The Conference Board of Canada then uses two different world Gini index measures, one (not population-weighted) showing a rising Gini index (greater inequality) and the other (population weighted) showing a falling Gini index roughly in line with the graph above and with the findings of the two ivy-league economists.
Now, as to capitalism's enemies, a few comments:
First, I don't know whether it's cognitive bias or intellectual dishonesty in any given case, but the opposition to capitalism seems to have become as much a dogmatic religion on the Left as the usual dogmatic religions have been so on the Right. This isn't to say that the Right doesn't have its share of dogmatic ideologues on economics who in principle would never accept evidence that capitalism isn't so great.
Second, while the Gini index for America is somewhere in the 40s, depending on the specific measurement used, the world Gini index has been much higher than that for a very long time; where were the economic leftists all this time, decrying the world inequalities? Why is it now such an issue to them? If it's only because rising inequality accompanied by income stagnation among the non-rich hit home here in America that they started crying about it. But think about it: decades ago, the income gap between the average American and the average person in China was so huge that it would take a certain cognitive selectiveness or - according to their on worldview - a staggering level of moral blindness to make a big deal about it all of a sudden now but not before. That bespeaks of cognitive bias and/or disingenuousness about their real motives for concern about income inequalities.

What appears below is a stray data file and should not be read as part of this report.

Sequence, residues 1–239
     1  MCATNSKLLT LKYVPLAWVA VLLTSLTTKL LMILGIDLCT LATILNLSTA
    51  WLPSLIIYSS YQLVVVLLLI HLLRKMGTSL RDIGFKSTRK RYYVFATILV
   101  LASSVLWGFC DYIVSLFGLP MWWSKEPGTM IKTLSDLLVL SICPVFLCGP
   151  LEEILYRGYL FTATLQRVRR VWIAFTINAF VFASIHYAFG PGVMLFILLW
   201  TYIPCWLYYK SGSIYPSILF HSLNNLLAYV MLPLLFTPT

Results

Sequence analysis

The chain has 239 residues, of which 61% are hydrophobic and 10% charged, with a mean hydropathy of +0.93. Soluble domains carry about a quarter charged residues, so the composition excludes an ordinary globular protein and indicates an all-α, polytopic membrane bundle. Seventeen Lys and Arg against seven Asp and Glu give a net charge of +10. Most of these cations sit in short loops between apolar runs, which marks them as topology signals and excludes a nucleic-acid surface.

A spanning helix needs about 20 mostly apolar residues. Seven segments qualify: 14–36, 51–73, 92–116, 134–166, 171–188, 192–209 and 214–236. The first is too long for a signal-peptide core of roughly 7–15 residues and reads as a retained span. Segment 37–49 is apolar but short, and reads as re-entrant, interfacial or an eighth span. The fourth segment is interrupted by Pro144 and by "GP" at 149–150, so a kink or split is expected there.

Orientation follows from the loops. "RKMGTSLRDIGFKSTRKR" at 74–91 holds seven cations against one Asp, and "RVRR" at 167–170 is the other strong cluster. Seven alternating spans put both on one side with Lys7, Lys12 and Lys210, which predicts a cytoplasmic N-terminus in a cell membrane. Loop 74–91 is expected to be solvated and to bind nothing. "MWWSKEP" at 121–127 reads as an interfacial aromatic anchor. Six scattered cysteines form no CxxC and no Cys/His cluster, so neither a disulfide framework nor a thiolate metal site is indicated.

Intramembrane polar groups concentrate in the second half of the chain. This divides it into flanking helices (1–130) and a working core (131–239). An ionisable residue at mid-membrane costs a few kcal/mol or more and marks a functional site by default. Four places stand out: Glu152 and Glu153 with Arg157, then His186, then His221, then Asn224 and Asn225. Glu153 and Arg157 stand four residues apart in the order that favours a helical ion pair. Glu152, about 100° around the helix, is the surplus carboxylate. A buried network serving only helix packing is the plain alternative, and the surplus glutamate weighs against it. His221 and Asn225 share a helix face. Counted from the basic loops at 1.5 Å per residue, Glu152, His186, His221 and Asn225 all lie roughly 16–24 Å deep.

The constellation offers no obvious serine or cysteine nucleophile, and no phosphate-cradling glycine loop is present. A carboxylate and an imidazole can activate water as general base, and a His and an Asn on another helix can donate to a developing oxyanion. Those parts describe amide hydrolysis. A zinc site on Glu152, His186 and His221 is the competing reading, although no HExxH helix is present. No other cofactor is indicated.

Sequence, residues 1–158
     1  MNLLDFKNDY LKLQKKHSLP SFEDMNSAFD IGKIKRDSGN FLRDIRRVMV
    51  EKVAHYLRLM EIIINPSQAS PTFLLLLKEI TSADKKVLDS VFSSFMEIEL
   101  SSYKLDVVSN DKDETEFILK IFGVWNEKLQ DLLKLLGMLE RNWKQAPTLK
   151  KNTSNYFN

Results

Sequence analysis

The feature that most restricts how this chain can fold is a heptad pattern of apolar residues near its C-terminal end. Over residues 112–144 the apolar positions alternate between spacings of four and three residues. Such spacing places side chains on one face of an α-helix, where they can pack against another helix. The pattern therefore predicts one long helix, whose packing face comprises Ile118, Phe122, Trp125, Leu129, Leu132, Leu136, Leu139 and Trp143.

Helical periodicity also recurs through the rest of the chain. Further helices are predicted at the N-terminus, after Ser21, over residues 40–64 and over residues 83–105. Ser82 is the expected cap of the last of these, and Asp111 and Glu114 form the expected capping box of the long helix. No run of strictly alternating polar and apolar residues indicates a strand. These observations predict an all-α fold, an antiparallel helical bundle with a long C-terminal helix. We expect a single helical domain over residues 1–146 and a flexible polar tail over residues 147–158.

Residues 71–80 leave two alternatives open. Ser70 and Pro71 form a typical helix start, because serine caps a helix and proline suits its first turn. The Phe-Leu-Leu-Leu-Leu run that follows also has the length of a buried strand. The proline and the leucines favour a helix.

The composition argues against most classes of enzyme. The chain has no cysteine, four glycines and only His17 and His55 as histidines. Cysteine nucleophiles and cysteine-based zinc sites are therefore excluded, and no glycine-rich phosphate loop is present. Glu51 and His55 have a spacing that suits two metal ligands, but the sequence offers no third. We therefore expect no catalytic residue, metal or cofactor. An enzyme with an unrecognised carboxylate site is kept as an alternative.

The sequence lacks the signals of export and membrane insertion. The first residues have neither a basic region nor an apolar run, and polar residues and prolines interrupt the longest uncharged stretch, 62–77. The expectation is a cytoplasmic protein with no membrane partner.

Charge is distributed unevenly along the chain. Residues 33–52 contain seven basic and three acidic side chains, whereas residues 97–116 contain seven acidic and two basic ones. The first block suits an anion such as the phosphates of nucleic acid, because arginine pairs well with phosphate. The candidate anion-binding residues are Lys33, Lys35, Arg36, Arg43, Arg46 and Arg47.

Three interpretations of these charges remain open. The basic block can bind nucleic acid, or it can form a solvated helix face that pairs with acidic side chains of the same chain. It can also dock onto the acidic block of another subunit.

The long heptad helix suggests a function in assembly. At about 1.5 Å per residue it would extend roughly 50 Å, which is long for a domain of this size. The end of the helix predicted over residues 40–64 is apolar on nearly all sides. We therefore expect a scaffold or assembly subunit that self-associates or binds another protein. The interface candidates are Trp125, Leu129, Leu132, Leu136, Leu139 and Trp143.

Third, whatever people's ideological dispositions, the truly important thing is to get things right when it comes to the best economic institutions for people, what will make their (material) lives go best, and so on. (It speaks to another cognitive bias of leftists that they are so heavily focused on material concerns to the exclusion of others. Try watching MSNBC for a while and notice just how much time and attention is focused on economic concerns compared to their attention on, well, the spiritual ones. Just have a look at the amount of attention paid these concerns in the works of the Left's favorite and most influential ideological figures. When their attention does shift to the spiritual matters, it's often about how these matters should be removed from the public/government sphere but little in the way of how private citizens and communities could pick up the slack. Anyway,...) It's terribly important to get things right here because countless lives and well-beings hang in the balance. If, based on a truly objective and comprehensive analysis, socialism (or, alternatively, capitalism) proved to be destructive of these ends, then honest people would certainly want to change their ideological affiliations for the sake of human betterment. So. In my case, I look at all the data that I've had available to me up to this point, and have to ask: could I honestly be an advocate of (socialism, or capitalism) at this point?